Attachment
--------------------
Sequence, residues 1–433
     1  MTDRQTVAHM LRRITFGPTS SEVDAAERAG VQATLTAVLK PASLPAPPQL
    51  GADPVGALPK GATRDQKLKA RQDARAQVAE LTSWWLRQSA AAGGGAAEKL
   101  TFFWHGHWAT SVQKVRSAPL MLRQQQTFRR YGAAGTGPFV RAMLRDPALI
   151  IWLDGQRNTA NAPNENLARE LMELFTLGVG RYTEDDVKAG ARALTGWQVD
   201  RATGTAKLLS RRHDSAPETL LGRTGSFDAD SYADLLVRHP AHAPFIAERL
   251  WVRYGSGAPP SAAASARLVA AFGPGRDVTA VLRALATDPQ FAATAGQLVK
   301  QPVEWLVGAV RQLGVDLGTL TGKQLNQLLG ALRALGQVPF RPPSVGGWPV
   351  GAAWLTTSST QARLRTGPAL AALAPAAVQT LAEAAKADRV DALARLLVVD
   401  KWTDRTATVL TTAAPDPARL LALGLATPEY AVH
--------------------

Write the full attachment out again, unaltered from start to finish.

Sequence, residues 1–433
     1  MTDRQTVAHM LRRITFGPTS SEVDAAERAG VQATLTAVLK PASLPAPPQL
    51  GADPVGALPK GATRDQKLKA RQDARAQVAE LTSWWLRQSA AAGGGAAEKL
   101  TFFWHGHWAT SVQKVRSAPL MLRQQQTFRR YGAAGTGPFV RAMLRDPALI
   151  IWLDGQRNTA NAPNENLARE LMELFTLGVG RYTEDDVKAG ARALTGWQVD
   201  RATGTAKLLS RRHDSAPETL LGRTGSFDAD SYADLLVRHP AHAPFIAERL
   251  WVRYGSGAPP SAAASARLVA AFGPGRDVTA VLRALATDPQ FAATAGQLVK
   301  QPVEWLVGAV RQLGVDLGTL TGKQLNQLLG ALRALGQVPF RPPSVGGWPV
   351  GAAWLTTSST QARLRTGPAL AALAPAAVQT LAEAAKADRV DALARLLVVD
   401  KWTDRTATVL TTAAPDPARL LALGLATPEY AVH